Long-summer scorched, my surfing children
Catch random waves or thump in dumpers,
Whirling, gasping, tossed disjointed.
I watching, fear they may be broken –
That all those foaming limbs will never
Re-assemble whole, together.
All under such a peaceful sky.
All under such another sky
The pictures show some village children
Caught at random, tossed, exploded,
Torn, disjointed, like sticks broken,
Whose jagged scorching limbs will never
Re-assemble whole together.
Text Type: Poem
Poet: Nancy Keesing
“Children,” written by Australian poet Nancy Keesing, uses repetition along with contrasting stanzas, powerful imagery and figurative language to emphasise and highlight the drastic differences in lifestyle between children who grow up in safe and privileged environments and the children who live devastated and dangerously as victims and casualties of war.
In the first verse, Keesing describes herself watching her children playing happily in the Australian ocean on a summer’s day as she expresses her worry that her beloved darlings may be hurt in the surf, articulating her parental instincts, worrying for her children as she catastrophizes a situation that from a wider perspective would be viewed as a happy and safe childhood – “under such a peaceful sky.” However, as the poem transitions into the second stanza, the author uses powerful imagery to change the scenery of the poem, illustrating village children deprived by battle, being caught at random, tossed, exploded as repercussions of a war which they live in the midst of.
As the poet states, in the first verse: “I watching, fear they may be broken – That all those foaming limbs will never Re-assemble whole, together,” Keesing portrays her fear that her children “may be broken” in the violent surf, a worry that would be shared among any over-protective first-world parent in the same situation. However, with similar wording to the statement just discussed in the first verse, the author states “Torn, disjointed, like sticks broken, Whose jagged scorching limbs will never, Re-assemble whole together,” – implies a major contrast between the two similarly-worded excerpts from the poem as a parent’s fear that their children may break and never turn whole again in the first quote from the first verse, the poet’s fear for her children becomes a reality, but for the village children who are killed by war as portrayed in the second statement: “whose jagged scorching limbs will never, re-assemble whole together.” This use of comparison and similarly structured and worded sentences assists the poet in emphasising the difference in lifestyles between Keesing’s children and the war-torn ones described in the second verse as it turns a parent’s worst nightmare into a truth for the village children – fear becomes reality.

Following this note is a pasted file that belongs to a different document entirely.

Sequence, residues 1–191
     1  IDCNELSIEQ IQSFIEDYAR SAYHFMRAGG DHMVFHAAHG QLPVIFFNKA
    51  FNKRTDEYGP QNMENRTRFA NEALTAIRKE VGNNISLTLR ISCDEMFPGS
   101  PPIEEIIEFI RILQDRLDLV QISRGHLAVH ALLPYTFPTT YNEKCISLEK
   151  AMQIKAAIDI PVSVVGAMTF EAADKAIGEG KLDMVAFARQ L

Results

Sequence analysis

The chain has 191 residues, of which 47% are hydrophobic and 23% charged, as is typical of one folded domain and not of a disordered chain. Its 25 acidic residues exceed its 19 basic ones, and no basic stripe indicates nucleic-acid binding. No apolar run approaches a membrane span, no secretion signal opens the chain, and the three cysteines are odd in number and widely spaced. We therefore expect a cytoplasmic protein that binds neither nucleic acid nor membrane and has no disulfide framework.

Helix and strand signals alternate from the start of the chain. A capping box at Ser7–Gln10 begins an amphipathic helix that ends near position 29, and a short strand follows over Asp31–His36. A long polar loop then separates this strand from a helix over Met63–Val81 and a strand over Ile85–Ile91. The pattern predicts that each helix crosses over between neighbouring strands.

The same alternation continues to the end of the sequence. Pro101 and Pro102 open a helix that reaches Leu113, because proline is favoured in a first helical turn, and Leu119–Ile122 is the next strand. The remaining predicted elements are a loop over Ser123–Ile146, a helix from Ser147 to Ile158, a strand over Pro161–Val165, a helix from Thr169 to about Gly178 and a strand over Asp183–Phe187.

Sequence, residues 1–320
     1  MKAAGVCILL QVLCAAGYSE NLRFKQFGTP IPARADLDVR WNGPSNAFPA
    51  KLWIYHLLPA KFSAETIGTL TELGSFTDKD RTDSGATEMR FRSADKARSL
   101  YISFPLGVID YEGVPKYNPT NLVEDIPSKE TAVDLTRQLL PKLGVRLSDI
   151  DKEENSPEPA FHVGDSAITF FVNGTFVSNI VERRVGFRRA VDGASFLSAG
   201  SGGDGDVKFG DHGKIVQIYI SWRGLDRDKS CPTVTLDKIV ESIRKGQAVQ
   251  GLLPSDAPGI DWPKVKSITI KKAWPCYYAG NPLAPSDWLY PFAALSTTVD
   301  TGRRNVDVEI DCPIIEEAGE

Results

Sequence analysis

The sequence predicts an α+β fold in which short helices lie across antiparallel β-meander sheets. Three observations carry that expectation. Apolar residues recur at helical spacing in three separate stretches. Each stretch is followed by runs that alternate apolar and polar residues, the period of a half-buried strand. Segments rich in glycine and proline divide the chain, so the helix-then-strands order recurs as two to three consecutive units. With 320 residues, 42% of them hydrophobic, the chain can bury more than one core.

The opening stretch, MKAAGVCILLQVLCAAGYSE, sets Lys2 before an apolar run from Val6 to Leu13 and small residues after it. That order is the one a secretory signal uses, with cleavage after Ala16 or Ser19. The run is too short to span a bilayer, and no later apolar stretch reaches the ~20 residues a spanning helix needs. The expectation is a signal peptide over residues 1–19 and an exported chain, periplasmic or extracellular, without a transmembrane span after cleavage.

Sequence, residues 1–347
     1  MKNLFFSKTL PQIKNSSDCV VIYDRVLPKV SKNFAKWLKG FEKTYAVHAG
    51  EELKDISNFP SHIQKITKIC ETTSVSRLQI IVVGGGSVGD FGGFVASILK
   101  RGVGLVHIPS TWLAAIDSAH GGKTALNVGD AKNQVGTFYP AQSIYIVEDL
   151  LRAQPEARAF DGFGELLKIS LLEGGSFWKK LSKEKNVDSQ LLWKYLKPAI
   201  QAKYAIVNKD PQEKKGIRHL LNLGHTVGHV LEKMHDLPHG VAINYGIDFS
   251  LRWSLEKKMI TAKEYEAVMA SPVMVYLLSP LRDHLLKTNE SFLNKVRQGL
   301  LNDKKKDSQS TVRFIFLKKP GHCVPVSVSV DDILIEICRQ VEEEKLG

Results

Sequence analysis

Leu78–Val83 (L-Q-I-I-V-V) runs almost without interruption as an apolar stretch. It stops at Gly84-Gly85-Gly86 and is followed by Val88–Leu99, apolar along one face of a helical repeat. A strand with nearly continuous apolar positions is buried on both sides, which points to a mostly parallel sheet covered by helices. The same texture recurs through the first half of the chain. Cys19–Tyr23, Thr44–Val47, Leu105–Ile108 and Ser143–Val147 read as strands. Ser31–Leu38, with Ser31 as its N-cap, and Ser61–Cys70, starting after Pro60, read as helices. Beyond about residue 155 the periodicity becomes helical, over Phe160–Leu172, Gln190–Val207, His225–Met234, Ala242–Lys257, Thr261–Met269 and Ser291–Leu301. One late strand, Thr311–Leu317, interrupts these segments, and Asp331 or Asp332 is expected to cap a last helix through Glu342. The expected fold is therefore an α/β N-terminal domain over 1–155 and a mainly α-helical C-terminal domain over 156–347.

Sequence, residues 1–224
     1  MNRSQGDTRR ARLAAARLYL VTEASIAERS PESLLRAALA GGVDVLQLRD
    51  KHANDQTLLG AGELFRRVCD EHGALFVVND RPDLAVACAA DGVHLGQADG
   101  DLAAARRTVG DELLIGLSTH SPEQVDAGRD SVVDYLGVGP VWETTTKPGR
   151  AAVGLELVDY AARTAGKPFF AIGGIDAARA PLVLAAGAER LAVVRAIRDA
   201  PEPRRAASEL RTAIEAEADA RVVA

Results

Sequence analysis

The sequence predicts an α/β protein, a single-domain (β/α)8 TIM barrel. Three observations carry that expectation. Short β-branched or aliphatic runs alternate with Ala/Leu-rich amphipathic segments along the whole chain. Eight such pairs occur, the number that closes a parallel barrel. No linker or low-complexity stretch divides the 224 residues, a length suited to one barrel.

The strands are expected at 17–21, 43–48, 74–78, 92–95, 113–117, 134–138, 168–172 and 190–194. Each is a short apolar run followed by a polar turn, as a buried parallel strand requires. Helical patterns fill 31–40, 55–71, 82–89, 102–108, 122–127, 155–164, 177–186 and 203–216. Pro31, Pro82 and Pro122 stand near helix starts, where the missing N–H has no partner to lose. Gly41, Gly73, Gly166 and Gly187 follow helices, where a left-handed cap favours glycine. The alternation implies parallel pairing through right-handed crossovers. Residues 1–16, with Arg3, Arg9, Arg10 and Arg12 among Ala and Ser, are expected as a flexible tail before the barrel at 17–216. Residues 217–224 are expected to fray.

Keesing, continues using similar sentences with distinctively contrasting meanings to highlight the diversity between the first and the second verse as well as the Australian children and the ones ravaged by war. The first verse depicts the author’s children being tossed around in the playful surf through the statement, “Catch random waves or thump in dumpers, whirling, gasping, tossed disjointed,” while when the second verse reveals something different in the quote: “Caught at random, tossed, exploded, torn, disjointed, like sticks broken,” – a situation with similar expression to the statement in the first stanza, holds an entirely different purpose. The innocent meaning of the first verse and the exaggeration used to describe the Australian children hurled around in the waves becomes the opposite to the village children in the statement found in the second stanza, describing the children randomly caught by explosions, killed senselessly by war rather than randomly caught by waves as depicted in the first verse.